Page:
by Paul Rogers, openDemocracy
30 October 2020
Back in late February, a month or so into the COVID-19 pandemic, the World Health Organization was warning of the dangers of the disease, about its potential to spread and to kill, and about the critical need to test for the virus. A few countries in south-east and east Asia were very quick off the mark, especially those that had experienced SARS seventeen years earlier. But most European states were slow to take it seriously, even when Italy was suddenly plunged into crisis and forced to opt for very strong lockdowns.
As openDemocracy reported right back in the spring, in theory the UK had an excellent National Biosecurity Strategy but failed lamentably to follow it and ended up with one of the worst records of disease control in the first few months. The US under Donald Trump was even more dilatory, and he persists in claiming COVID-19 is beaten even as the country edges closer to a quarter of a million deaths.
As the first wave in Europe was starting to ease back in June, the WHO was once again warnings of dangers ahead, this time the risk of further waves starting later in the year. That is now happening at a pace that has exceeded the fears of health professionals as, time and again, COVID-19 has been underestimated. The Czech Republic really thought it had been successful until very recently but now fears the disease is out of control, France and Spain are heading into lockdowns and even Germany is hugely concerned in spite of its early success.
Meanwhile in the UK the argument that the overriding need is to protect the economy rages in the right-wing press, where those warning of tens of thousands of deaths through the winter are dismissed as doomwatchers and naysayers. In spite of this Boris Johnson may still be forced to agree to a national lockdown and it also looks increasingly possible that his own position could become untenable before next spring.
The UK’s position certainly is a reflection of a dangerous mixture of ideological certainty and sheer incompetence, and where it could have been a world leader if its own National Biological Security Strategy had been followed it now looks in deep trouble. While this should not be forgotten, the wider issue is that so many other countries have failed to address the challenge with the urgency it needed right from the start, in spite of all the WHO warnings.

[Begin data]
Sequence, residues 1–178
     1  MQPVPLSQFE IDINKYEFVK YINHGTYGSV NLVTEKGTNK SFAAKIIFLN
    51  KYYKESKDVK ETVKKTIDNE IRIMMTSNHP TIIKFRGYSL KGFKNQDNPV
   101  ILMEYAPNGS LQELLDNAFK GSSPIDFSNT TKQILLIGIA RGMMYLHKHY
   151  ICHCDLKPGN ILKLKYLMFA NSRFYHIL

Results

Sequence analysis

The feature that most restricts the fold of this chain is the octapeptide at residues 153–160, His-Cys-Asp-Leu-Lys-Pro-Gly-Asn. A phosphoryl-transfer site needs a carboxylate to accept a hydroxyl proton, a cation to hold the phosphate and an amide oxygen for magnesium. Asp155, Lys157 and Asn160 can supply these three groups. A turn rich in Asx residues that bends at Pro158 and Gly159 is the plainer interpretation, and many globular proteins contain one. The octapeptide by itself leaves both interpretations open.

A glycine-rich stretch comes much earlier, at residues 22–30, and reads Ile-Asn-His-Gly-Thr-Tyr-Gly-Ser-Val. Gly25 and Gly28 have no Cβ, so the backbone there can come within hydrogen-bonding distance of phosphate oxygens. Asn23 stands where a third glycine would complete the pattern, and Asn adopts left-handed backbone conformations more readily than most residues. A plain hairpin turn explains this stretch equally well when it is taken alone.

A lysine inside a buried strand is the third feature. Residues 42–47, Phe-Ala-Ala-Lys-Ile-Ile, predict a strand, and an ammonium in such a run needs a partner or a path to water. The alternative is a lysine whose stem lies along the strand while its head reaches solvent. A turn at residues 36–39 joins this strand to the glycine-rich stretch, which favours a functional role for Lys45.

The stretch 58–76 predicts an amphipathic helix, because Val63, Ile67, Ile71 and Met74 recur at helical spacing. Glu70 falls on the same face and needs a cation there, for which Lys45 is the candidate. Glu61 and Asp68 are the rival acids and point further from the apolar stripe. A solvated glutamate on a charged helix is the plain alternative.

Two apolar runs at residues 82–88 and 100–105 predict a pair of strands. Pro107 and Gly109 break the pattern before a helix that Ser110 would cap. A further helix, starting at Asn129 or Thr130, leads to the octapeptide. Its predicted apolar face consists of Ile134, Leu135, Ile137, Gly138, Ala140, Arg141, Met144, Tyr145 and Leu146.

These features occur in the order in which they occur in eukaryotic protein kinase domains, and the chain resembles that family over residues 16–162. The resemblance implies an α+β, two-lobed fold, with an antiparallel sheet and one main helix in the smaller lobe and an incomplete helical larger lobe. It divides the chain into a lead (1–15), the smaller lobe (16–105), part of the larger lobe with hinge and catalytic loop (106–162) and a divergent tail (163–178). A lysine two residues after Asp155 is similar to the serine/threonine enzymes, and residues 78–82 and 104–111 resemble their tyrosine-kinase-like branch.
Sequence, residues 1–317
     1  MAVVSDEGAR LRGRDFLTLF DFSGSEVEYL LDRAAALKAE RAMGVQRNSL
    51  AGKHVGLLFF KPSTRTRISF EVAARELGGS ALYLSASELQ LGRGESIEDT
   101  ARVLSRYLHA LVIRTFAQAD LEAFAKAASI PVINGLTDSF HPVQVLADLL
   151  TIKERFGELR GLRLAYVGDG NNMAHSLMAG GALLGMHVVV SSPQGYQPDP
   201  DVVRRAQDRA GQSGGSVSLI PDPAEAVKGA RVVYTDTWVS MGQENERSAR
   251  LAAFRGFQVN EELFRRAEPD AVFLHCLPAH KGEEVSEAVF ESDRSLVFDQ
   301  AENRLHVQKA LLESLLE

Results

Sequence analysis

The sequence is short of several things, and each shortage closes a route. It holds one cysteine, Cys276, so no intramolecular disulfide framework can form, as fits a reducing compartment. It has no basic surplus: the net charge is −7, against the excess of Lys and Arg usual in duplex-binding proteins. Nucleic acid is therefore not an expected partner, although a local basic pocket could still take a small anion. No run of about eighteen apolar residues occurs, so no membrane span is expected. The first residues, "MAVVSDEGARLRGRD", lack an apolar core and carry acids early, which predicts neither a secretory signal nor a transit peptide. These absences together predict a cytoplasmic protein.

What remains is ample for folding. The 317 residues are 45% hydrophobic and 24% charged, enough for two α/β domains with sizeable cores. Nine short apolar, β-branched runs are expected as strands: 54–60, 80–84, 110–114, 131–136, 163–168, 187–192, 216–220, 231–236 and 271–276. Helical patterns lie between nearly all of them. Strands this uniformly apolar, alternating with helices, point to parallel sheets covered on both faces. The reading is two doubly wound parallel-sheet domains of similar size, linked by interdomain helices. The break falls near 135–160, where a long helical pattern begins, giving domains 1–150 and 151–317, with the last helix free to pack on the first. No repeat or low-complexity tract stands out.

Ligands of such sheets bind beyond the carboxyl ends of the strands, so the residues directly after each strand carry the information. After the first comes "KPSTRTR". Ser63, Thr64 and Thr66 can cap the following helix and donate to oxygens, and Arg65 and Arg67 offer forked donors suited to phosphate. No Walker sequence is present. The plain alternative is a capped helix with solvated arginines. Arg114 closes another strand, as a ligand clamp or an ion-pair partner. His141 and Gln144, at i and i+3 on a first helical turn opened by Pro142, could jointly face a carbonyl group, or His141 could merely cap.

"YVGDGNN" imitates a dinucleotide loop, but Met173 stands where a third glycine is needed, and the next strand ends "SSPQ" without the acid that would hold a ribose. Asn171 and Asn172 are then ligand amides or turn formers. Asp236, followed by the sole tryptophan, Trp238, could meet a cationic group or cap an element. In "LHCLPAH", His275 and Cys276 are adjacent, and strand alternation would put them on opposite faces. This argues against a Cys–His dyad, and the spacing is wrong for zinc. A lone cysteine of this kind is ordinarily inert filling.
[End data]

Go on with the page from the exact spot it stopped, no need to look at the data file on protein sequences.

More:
Deep roots of the disaster
There are more than one explanation for this. For a start, we can see how countries with utterly single-minded leaderships, often mixing arrogance with egotism, have suffered most. In this regard, Narendra Modi, Jair Bolsonaro, Vladimir Putin and even more so Trump stand out from most of the rest. There is, though, much more to it than that, with two particular elements most relevant.
One is the slide towards neoliberal economics over the past forty years, boosted by current anti-elite nationalistic populisms. This means that many central government capabilities have shrunk because so much of what the state used to do has been handed over to the private sector. The primary requirement of that sector is profitability. At the same time the shrinking of the state means that there is simply not the central capability to coordinate, still less actually organise, the national responses that have been so clearly needed.
The second factor is less obvious, more deeply embedded and even more difficult to counter. It relates to a prevailing thinking about security that sees it primarily as a state-on-state issue with military capabilities at the core of preparedness. The so-called military-industrial complex is easy enough to describe, with all its integrated elements, deep linkages to government, revolving doors, sole suppliers and the rest. This is part of a security culture that privileges national interests, which are defined principally by an establishment that dominates the narrative, has a short-term outlook, suffers from institutional inertia and is dominated by an atmosphere of hegemonic masculinity.
There have been repeated warnings of the risk of pandemics: we have seen the terrible human consequences of the flu in 1918-19 and more recently of HIV-AIDS. Lessons should have been learned by more than those few Asian countries that had the experience of SARS and the WHO’s warnings should have been heeded. No doubt within government circles in many countries there were individuals, often health professionals, arguing the case for taking pandemic risks seriously long before COVID-19 came on the scene, and more determined voices once it started spreading.
If, though, you have decades of a culture that prioritises a state-centred rather than a people-centred or even a community-centred understanding of security, then the ability, let alone the willingness, to think differently in a crisis all too easily goes out the window.
The next six months will be very difficult for many millions of people but the crisis will pass and COVID-19 will be brought under control. The lesson that has to be learnt then is that it will be essential to think differently about what is meant by security, learn much better lessons from all that excellent work in recent years on human and common security, and apply them determinedly to ensuring a more genuinely secure and just future. Apart from anything else, we may then be able to deal with the even bigger elephant in the room – climate breakdown.